“Like any classic videogame, the Hunt had simply reached a new, more difficult level. A new level often required an entirely new strategy.”

If you love a book, it is a good policy to avoid seeing the cinematic adaptation. Within the past few years I’ve refused to see Gone Girl and World War Z, and now have no reason to see Ready Player One.

Walter Chaw’s dense analysis of pop movies can be provocative and entertaining. Apparently his current ruthless take down has gone viral. One comment stuck out: “Adapted from Ernest Cline’s terrible novel…”

Ready Player One was a huge bestseller. Naturally, there was backlash. Some of that backlash must be connected to what Chaw claims is “the book’s self-satisfied checklisting.”

From where I sit, that “checklisting” is no more self-satisfied than in any other book that uses elaborate paraphernalia to tell a story. Two examples from novels I read recently: Robert Harris used the byzantine politics of the Vatican for Conclave; Megan Abbott dived into the world of high-school cheerleading for Dare Me.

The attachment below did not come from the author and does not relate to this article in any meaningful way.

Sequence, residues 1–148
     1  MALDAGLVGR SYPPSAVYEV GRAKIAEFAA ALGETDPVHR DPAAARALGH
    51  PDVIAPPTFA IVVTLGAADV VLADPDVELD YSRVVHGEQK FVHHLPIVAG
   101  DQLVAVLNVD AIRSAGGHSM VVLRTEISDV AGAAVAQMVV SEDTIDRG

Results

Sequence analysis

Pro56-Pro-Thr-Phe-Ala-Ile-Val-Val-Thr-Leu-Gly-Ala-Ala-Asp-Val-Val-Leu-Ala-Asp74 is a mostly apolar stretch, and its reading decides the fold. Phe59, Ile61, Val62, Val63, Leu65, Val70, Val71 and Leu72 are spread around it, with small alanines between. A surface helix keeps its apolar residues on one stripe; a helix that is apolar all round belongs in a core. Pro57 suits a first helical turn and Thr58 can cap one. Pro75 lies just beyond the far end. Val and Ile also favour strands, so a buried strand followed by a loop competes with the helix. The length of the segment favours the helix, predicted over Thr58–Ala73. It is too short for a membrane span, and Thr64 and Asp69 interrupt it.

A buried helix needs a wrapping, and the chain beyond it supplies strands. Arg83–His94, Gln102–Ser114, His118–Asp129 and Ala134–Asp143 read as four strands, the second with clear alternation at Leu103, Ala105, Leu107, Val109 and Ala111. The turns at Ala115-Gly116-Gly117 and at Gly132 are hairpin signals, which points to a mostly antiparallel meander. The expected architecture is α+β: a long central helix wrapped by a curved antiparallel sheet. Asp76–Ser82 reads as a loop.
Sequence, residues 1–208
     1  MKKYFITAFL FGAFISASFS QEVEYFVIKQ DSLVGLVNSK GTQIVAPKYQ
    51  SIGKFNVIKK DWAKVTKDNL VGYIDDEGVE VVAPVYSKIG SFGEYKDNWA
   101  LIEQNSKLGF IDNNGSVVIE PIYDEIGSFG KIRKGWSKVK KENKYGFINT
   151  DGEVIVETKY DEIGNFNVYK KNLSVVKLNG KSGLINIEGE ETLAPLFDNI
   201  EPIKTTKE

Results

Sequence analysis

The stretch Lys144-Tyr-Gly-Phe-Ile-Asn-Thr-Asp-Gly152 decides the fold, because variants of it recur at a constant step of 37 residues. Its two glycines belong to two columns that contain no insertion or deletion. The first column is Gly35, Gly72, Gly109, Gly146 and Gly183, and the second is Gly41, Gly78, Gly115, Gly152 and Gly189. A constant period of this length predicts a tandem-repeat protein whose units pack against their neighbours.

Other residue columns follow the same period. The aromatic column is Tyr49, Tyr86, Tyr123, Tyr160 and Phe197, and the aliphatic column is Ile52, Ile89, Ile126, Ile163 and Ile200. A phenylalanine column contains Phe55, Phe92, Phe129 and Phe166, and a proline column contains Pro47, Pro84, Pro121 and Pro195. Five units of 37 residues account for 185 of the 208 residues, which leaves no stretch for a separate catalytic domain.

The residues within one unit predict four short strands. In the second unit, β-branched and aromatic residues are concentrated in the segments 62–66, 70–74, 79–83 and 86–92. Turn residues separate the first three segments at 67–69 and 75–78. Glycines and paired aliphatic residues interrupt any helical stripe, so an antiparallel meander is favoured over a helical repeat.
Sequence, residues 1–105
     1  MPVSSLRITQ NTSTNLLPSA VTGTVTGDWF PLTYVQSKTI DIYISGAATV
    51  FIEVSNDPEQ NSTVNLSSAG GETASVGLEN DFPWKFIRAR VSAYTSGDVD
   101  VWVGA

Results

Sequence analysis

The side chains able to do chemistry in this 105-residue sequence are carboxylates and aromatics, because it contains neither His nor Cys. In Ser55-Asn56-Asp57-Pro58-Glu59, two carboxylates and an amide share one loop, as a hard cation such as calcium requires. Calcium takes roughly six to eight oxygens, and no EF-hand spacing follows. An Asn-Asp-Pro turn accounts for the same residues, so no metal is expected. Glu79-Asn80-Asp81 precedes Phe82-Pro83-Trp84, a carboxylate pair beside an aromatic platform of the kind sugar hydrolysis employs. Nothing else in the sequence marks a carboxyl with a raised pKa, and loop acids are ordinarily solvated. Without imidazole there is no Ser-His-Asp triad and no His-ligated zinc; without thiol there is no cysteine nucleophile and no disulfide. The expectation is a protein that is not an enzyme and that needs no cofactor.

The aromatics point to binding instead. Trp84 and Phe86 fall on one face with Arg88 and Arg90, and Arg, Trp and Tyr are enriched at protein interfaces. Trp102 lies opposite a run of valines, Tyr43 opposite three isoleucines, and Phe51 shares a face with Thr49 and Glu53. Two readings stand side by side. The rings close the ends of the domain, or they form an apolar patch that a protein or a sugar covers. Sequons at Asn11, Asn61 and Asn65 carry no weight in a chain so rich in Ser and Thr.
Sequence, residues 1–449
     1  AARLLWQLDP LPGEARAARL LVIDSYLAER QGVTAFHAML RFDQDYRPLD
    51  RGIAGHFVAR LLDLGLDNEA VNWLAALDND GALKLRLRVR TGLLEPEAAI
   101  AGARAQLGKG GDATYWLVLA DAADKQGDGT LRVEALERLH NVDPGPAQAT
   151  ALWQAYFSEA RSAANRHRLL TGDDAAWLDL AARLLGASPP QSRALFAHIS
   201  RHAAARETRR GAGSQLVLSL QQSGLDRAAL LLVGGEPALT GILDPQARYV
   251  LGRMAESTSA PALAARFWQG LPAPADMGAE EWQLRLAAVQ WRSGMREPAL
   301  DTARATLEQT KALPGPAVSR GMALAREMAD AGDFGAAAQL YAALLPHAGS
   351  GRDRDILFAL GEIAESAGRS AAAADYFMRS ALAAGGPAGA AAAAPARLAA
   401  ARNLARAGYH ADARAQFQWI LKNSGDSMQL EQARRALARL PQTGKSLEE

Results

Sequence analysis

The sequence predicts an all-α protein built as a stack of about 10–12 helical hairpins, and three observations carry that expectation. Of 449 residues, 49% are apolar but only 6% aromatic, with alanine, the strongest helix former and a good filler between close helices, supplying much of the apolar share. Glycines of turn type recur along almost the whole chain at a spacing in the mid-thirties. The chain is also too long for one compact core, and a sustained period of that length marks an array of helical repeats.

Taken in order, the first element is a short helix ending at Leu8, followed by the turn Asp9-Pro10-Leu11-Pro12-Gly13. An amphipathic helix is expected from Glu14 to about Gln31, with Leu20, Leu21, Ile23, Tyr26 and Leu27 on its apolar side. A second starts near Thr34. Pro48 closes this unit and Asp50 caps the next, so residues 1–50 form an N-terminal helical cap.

What bothers Chaw (I think) is that Chaw interfaces with the paraphernalia of Ready Player One for his own sense of self and aesthetic. He doesn’t like the details of Cline’s opinions, and especially he doesn’t like how the act of processing retro culture is used as scaffolding to tell a straightforward cat and mouse thriller. It’s just too close to Chaw’s daily bread. This is fine: A pope probably won’t like Conclave, a cheerleader might not like Dare Me. (Naturally, I myself have little use for novels about jazz…or movies about jazz, either! My only significant act of movie criticism addressed Whiplash.)

Anyway, all this is to say: I love the book Ready Player One, and if your own own sense of self and aesthetic isn’t defined by 80’s pop artifacts and how they are processed today, then you might love it too. It is a perfect clockwork mechanism that nails every beat and achieves the final goal with grace and style. Every time I read it I am filled with joy.